422 tolling is a bad idea that must never be implemented.

June 1, 2011 at 7:54 pm Comments (0)

Dear Governor Corbett

Do this with the Pennsylvania Turnpike.

Christie administration tells union toll collectors to take it or leave it
(h/t Redstate)

In the contract, both unions agreed to reduce the top range of annual salaries to $57,000 as of June 30, 2011, and to $49,500 as of July 1, 2012. The contract also reduces three holidays for Parkway collectors from 15 to 12, including eliminating a toll collector’s birthday as one of them, and on the Turnpike, from 14 to 12.

The contract also eliminates 14 items that the state comptroller’s office criticized, ranging from uniform allowances to changing work rules.

In the contract, both unions agree that toll collector jobs will be eliminated by July 13, 2013, as the authority moves toward cashless toll collection.

So it looks like they’re taking it.

And here’s my philosophical question for the day: is Chris Christie a Big Fat Union-Hating Meany because he’s taking away the toll collectors’ jobs or is this economic karma getting its groove on because there is absolutely no freaking way to justify paying anyone $57K to make change?

You make the call.

Hey, remember in ’04 when the toll collectors went on strike in PA so that they, too, could continue to make a lot of money to make change? I do. It’s seven years later, and they’re still making that money, except I now have to mortgage my house if I want to drive from Pittsburgh to Philadelphia.

Good times.

April 30, 2011 at 9:33 pm Comments (0)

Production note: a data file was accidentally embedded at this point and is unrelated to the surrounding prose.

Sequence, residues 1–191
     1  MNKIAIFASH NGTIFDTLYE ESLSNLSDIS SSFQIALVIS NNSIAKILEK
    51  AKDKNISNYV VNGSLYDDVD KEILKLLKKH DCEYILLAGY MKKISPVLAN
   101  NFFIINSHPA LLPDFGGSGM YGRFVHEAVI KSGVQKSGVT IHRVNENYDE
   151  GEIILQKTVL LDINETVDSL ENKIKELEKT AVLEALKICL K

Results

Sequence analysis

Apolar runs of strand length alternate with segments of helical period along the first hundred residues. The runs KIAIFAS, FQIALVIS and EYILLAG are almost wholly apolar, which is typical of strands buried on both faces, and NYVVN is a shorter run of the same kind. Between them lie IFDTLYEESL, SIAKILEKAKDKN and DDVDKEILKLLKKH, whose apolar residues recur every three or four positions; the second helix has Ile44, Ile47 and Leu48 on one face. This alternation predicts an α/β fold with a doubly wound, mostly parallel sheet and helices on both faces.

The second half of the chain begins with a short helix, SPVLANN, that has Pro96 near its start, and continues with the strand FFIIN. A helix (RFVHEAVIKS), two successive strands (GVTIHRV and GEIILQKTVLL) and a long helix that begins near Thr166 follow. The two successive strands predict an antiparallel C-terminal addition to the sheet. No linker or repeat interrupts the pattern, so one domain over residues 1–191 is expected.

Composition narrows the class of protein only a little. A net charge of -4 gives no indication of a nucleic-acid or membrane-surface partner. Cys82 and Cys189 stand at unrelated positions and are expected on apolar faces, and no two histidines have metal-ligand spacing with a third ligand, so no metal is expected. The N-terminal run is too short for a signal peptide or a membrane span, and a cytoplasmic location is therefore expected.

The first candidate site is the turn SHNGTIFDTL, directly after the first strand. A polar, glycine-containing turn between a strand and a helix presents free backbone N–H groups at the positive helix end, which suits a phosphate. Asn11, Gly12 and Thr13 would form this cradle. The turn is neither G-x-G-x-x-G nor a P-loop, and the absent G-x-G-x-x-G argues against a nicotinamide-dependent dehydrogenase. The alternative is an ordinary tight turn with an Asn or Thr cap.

Bieber Bus Assault

No, not Justin Bieber.

A man riding a Bieber bus from Philadelphia to Reading pulled down his pants, put a plastic bag over the female bus driver’s head and grabbed one of her breasts, state police allege.

The bus driver for Bieber Bus Lines managed to shed the plastic bag and ordered the half-naked man back to his seat for the duration of the ride to Reading, where police were waiting.

Carlos Perez-Rodriguez, 35, whose last known address was in Reading, was one of three passengers on the bus and sat two rows behind the driver. While on Route 422 in Upper Providence Township, Montgomery County, Perez-Rodriguez got out of his seat between 11 p.m. and 11:45 p.m. He walked toward the bus driver while she was driving about 55 mph on the four-lane highway and placed a plastic bag over her head, according to arrest papers.

That’s insane.

Perez-Rodriguez created a hazardous condition for the driver and passengers and other vehicles on the road. Police said the bus driver managed to remove the bag from her head and safely pull the bus to the side of the road while Perez-Rodriguez grabbed at her breast and exposed his genitals to her and passengers.

The bus driver then escorted Perez-Rodriguez back to his seat while his pants remained around his ankles. Because of company police, the bus driver could not order him off the bus. He remained in his seat until arriving at the bus terminal in Reading, where he was taken into custody.

March 28, 2011 at 4:42 pm Comments (0)